The legacy of Darien, Georgia

Signpost marking the Burning of Darien

After watching the movie Glory, I was struck by the actions of the Union soldiers on the town of Darien, Georgia. I know that the movie is based upon factual events, so I decided to look up information about Darien and its destruction during the Civil War. I found out the Darien had indeed been plundered by Colonel James Montgomery and Colonel Robert Shaw. Col. Shaw was unhappy about his part in the raid, and wrote about its happenings to his wife, Annie, afterwards. He explains that the only people left in the town were a few women and negroes. He tells her about Montgomery’s order to burn down the homes. Montgomery tells him that, “the Southerners must be made to feel that this was a real war, and that they were to be swept away by the hand of God, like the Jews of Old….We are outlawed, and therefore not bound by the rules of regular warfare”[1]Did “outlawed” mean that since they were in charge of black soldiers, they were not really part of the regular Union army? I find Montgomery’s statement to be revealing about how officers felt about commanding African American soldiers. Col. Shaw may be the exception to the rule, as his parents were abolitionists and he may have felt less ostracized by being in command of black soldiers.

Remaining Structure of the Burning of Darien

McIntosh County history describes the, “…the lumber industry devastated, and even the once-thriving seaport town of Darien was destroyed as the result of the “total war” tactics of a renegade Union field officer.”[2] Could Col. Montgomery have been acting alone in his actions of plundering, stealing and burning this town to the ground? Or was this a practice of many commanders? There is rumor that Shaw’s family helped rebuild Darien after the war, but I could not corroborate that information. That may have been a myth perpetuated by the movie Glory. A book about the infamous raid and the 54th Regiments involvement was published in 1965 and is based on the letters from Col. Shaw to his wife. It also was one of the sources for the movie Glory.[3]

[1] Colonel Robert Shaw to his wife Annie about the Raid at Darien, Georgia. St. Simons Island, GA, June 9, 1863. (accessed on July 3, 2003).
[2] City of Darien, Georgia, “McIntosh County History: The Birth of McIntosh County,” (accessed July 3, 2012).
[3] Glory, directed by Edward Zwick, (1989, Culver City, CA. Tri-Star Pictures) DVD.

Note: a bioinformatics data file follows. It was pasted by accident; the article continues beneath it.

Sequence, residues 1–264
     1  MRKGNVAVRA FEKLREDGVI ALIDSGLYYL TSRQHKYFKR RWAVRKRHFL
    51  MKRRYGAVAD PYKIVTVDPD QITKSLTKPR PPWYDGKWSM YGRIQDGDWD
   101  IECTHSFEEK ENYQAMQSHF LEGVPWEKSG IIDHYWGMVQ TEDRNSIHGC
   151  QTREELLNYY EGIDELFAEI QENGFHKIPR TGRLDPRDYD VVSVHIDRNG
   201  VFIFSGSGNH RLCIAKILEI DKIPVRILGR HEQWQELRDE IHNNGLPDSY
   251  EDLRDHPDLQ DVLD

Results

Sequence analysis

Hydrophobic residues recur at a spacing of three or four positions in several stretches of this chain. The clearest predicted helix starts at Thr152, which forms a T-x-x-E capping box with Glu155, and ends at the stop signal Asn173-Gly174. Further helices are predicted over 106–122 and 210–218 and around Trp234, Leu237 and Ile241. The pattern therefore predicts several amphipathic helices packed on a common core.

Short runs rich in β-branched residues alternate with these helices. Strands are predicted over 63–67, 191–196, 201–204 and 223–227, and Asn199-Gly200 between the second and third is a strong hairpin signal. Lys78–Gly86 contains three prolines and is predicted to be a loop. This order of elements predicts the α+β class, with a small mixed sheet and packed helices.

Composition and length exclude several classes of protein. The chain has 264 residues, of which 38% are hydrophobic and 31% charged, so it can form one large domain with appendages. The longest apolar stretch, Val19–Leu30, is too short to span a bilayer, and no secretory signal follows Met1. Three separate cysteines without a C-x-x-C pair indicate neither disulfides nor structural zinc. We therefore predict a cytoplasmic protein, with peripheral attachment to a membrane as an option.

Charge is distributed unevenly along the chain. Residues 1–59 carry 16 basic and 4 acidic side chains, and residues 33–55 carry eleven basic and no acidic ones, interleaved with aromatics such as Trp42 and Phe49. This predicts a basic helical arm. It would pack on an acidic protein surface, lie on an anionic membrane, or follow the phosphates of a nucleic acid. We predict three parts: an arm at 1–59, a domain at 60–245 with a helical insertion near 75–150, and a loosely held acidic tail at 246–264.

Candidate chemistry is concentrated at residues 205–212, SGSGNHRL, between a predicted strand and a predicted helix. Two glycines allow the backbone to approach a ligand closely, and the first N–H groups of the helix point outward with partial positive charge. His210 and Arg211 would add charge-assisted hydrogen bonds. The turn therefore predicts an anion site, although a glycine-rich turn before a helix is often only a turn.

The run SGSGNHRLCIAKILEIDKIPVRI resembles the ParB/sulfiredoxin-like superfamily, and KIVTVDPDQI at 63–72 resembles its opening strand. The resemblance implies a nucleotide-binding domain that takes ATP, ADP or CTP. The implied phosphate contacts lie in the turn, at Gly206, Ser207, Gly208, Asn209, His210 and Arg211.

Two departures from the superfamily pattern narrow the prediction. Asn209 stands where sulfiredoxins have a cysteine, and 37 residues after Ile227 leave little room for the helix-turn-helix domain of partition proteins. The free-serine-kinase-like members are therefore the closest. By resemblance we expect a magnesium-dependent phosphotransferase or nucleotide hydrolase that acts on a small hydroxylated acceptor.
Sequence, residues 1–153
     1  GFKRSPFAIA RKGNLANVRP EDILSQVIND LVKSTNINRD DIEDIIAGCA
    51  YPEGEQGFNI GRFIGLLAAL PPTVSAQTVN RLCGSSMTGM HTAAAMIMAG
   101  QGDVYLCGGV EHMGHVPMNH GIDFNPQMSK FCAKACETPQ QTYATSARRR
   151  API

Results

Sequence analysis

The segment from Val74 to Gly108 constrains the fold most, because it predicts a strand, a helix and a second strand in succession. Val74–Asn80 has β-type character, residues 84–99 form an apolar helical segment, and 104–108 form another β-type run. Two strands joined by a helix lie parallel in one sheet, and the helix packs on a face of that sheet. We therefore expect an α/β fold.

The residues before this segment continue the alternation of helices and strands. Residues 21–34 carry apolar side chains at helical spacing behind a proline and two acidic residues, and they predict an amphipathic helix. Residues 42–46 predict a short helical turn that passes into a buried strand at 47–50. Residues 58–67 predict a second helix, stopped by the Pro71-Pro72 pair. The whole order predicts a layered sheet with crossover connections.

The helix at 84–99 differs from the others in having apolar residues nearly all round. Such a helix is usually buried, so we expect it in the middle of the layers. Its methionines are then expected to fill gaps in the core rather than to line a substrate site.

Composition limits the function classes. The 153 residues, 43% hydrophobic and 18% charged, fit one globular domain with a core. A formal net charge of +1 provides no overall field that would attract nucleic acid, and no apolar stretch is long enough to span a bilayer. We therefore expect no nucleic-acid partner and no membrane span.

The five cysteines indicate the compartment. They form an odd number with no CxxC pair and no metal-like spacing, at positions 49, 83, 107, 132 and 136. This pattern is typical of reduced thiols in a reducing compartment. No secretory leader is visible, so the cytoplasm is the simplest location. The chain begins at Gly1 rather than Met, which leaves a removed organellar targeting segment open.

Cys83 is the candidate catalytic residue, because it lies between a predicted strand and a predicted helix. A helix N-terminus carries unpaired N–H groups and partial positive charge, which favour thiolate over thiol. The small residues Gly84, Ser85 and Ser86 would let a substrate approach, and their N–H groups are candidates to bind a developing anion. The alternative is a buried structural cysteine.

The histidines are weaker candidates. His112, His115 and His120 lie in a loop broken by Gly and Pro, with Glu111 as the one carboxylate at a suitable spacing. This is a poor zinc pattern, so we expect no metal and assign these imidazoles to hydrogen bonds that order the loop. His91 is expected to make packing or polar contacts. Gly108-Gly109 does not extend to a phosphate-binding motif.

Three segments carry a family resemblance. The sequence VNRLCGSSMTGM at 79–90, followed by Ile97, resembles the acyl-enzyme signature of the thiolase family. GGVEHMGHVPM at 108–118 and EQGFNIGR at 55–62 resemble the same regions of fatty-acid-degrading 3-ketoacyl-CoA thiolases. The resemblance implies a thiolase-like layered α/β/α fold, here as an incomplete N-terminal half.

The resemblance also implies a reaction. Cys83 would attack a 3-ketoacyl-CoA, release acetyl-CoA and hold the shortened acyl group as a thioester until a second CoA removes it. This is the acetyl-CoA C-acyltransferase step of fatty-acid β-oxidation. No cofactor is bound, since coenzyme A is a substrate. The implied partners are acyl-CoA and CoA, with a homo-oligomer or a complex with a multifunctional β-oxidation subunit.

1. The film revealed that African American soldiers struggled every step of the way for acceptance and parity with their white counterparts. The prejudice started at the top with Lincoln not supporting the 54th in their quest for equal pay, filtered down through the ranks of leadership such as Gen. Harker, Montgomery, the quartermaster, and fellow troops. Shaw is probably not unique, but clearly in the minority. We know from reports of plunder, pillage and destruction, that Montgomery’s actions were common occurrences as the Union forces strived to bring the South to its knees.

  2. elewis417 said:

    I’ve been told growing up around veterans of wars, that in order to win the war, it has to be personal for civilians. Civilians have to participate in order for the war to shift from stalemate to a clear victor. I think all commanders in battle are aware of this horrible fact. Take WWII, would Truman bomb Japan again in order to end the war? In both Korea and Vietnam we have a game of checkers played with a civilian population that refuses to give up. In many ways the war in Iraq wasn’t real for Americans. The reason for this is as civilians we are so detached from the war. It becomes a political battle that you hear about on the news. Here in the U.S., we can turn the TV off, change the channel, or listen to something else. During the Civil War in the South, there is no off switch. I think commanders capitalized on this and completely devastated the population as best they could. If you break the will of the enemy, he will no longer fight. It’s a horrible reality of war.

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